Céramique 1900 - Art Deco - Art Nouveau - Art Modern. Ceramic, crockery, terracotta, sandstone, porcelain, stoneware, earthenware.
Ceramique 1900

Francis JOURDAIN (1876-1958) - France

Francis JOURDAIN is Franz JOURDAIN's son. In 1894, after training at CLAMENS, a master glass-maker, he studies drawing at the sculptor Joseph CHERET, then enters the workshop GERVEX in order to study with Eugene CARRIERE. He often goes to the gallery Le Bard de Boutteville (LAUTREC, BONNARD, VUILLARD) and TOULOUSE-LAUTREC whom he gets to know through Rupert CARABIN in 1894, introduces him to the anarchist group. Between 1898 and 1900, he works as the assistant of the painter Albert BESNARD, then in 1901 he is the co-founder of the society Art pour Tous. The gallery DRUET devotes to him its first personal exhibition in 1906. But in 1913 he gives up painting to become a "furniture designer", a growing interest since his meeting in 1891 with the sculptor and decorator Alexandre CHARPENTIER (1856-1909), the very art-worker, idolized by the defenders of social art. CHARPENTIER founds in 1896 the Group of Six, whose fundamental, rationalist principles JOURDAIN will closely respect. In 1912, his work slips into a greater simplification, soberness, economy of space and of cost. In 1918 he starts working for the Société Innovation who finances the shop he opens on 2 Rue de Sèze : Chez Francis JOURDAIN. He offers there two types of products at average and low costs, among which ceramics.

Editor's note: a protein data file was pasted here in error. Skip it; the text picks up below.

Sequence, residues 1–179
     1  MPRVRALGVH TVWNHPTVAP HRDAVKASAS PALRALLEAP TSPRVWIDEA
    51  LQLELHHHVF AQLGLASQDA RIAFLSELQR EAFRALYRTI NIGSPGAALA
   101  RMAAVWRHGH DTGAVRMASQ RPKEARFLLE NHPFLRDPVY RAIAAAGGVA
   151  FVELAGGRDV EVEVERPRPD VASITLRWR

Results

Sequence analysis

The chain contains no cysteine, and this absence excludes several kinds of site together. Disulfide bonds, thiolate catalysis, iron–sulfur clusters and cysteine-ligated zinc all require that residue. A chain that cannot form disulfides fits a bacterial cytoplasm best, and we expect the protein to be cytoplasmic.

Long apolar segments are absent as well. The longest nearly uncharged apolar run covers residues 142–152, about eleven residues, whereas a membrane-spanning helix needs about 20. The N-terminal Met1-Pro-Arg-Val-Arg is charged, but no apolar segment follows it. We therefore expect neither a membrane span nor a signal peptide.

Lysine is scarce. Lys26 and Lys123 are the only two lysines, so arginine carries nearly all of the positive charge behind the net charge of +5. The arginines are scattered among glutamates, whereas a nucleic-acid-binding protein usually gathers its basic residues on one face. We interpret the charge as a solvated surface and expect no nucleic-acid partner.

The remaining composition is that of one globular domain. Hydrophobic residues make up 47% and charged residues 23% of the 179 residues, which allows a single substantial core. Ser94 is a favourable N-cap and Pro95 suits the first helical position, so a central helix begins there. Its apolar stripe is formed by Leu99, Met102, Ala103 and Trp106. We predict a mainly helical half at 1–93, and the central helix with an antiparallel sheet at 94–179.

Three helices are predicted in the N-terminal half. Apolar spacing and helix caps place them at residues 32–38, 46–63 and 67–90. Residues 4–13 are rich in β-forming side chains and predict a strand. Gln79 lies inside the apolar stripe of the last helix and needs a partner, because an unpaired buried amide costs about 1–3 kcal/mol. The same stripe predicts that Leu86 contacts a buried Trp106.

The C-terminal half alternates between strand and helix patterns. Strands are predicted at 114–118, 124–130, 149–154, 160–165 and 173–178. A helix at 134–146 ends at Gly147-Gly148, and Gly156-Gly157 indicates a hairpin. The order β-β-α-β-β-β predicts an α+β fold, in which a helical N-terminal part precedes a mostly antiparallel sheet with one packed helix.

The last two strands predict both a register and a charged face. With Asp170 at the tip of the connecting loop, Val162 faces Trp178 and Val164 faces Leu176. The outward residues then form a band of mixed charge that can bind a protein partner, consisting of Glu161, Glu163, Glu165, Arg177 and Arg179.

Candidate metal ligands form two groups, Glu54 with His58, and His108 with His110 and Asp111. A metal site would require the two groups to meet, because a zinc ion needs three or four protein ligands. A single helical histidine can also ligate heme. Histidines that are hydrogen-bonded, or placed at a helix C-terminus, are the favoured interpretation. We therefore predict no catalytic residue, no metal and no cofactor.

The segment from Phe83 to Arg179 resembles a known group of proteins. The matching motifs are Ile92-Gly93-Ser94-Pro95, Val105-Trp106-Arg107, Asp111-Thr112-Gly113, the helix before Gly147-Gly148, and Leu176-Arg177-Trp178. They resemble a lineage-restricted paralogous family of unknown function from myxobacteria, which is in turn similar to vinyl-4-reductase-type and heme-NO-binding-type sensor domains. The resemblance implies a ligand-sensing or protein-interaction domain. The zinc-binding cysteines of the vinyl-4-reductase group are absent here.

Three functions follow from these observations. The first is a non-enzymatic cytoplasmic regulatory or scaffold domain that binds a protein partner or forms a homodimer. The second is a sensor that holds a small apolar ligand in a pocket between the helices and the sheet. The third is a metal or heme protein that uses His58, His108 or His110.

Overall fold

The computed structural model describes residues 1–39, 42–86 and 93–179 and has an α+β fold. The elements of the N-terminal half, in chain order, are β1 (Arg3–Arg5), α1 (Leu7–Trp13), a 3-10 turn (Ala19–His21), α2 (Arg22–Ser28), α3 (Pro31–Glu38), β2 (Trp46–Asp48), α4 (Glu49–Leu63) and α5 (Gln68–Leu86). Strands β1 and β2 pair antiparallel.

The Salon d'Automne of 1920 is for him very successful and the Exposition Internationale des Arts Decoratifs et Industriels Modernes of Paris in 1925 enables the whole group around MALLET-STEVENS, CHAREAU and JOURDAIN to assume the leadership of the French modern decorative arts and thus to open the way to modern domestic decoration. In 1925 he is the co-founder of UAM, but weakened and exhausted by fighting for the defence of his ideas, he can hardly prepare an exhibition. Eventually in 1938 he achieves his last project : the College de France Director's desk.